From Wikipedia, the free encyclopedia
- Q: Which World Geodetic System is used?
- A: Wikipedia uses the WGS84 datum ellipsoid for all coordinates, which is also used for GPS. This model can vary as much as ±100 m when compared to the geoid, which represents mean sea level.
- Q: How can I report an error?
- A: Report it on this page, with this link.
- Q: Why do I see two markers on Google Maps?
- A: Google Maps has introduced a reverse-geocoding feature, which gives priority to the closest object in their database, instead of the desired coordinates. The closest object is shown with a bright red marker with the map centered on it, and the requested coordinates are given a green marker that often blends into the background or is outside the displayed area. It might be called the "you must have meant this" feature. Our use of the Google Maps KML generator for Google Earth links is also affected. That's not something that can be fixed here.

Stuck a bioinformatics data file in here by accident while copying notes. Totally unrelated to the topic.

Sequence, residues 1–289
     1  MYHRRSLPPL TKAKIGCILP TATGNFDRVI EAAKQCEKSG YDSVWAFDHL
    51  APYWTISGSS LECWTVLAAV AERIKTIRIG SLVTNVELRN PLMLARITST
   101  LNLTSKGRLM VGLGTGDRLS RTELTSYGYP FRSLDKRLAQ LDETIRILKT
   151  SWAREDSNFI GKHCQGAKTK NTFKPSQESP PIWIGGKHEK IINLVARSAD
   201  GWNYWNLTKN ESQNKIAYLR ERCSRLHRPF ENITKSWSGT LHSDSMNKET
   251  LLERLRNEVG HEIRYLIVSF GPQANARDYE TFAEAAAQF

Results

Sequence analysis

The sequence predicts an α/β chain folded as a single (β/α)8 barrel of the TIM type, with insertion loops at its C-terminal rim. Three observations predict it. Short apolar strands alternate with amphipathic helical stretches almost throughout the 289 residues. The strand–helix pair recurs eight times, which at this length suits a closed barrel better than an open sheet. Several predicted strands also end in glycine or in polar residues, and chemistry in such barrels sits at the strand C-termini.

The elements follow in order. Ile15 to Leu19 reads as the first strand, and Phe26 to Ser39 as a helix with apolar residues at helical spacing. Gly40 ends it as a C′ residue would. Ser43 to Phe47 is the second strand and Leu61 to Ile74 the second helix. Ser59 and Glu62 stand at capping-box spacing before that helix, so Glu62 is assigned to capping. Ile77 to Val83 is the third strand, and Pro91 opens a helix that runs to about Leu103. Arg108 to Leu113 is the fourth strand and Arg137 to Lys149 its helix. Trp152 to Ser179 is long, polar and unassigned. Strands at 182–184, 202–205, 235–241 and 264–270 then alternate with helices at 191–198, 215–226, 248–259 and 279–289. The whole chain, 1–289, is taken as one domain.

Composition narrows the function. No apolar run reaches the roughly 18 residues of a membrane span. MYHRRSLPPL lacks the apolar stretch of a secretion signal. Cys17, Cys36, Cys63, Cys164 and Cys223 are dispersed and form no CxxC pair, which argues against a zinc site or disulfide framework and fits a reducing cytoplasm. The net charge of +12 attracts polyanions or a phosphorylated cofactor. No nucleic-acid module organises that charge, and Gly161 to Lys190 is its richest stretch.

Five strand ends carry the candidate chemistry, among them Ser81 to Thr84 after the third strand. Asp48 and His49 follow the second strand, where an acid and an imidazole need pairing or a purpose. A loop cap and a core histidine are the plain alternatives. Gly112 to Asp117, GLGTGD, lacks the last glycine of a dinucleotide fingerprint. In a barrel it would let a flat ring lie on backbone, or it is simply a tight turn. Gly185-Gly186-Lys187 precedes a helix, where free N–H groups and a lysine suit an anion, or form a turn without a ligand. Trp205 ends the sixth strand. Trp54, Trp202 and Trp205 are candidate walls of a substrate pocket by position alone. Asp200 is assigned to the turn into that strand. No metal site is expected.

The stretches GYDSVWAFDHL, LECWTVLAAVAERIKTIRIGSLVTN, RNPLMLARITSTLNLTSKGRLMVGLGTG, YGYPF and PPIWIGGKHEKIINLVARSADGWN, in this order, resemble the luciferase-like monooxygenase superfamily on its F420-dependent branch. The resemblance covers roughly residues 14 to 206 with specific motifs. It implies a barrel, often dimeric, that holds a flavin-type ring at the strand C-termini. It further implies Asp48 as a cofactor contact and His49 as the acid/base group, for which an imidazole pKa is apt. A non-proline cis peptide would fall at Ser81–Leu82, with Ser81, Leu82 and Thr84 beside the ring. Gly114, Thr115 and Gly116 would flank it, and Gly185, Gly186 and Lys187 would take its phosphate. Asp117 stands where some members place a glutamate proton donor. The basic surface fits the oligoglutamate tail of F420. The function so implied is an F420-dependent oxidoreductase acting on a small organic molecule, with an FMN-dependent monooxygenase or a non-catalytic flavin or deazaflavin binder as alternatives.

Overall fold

- Q: What is "UTM"? Does it use the WGS84 geoid?
- A: UTM stands for Universal Transverse Mercator which is a map projection. Maps using UTM are usually based on WGS84 but, notably, the Ordnance Survey grids for Great Britain and Ireland are based on slightly different geoids: OSGB36.
- Q: How can I get to Google maps quicker?
- A: A user script is available, but easiest is to use WikiMiniAtlas. Click on the to the left of the coordinate link will open a frame with a map of the surrounding location populated with Wikipedia articles.
Other common questions?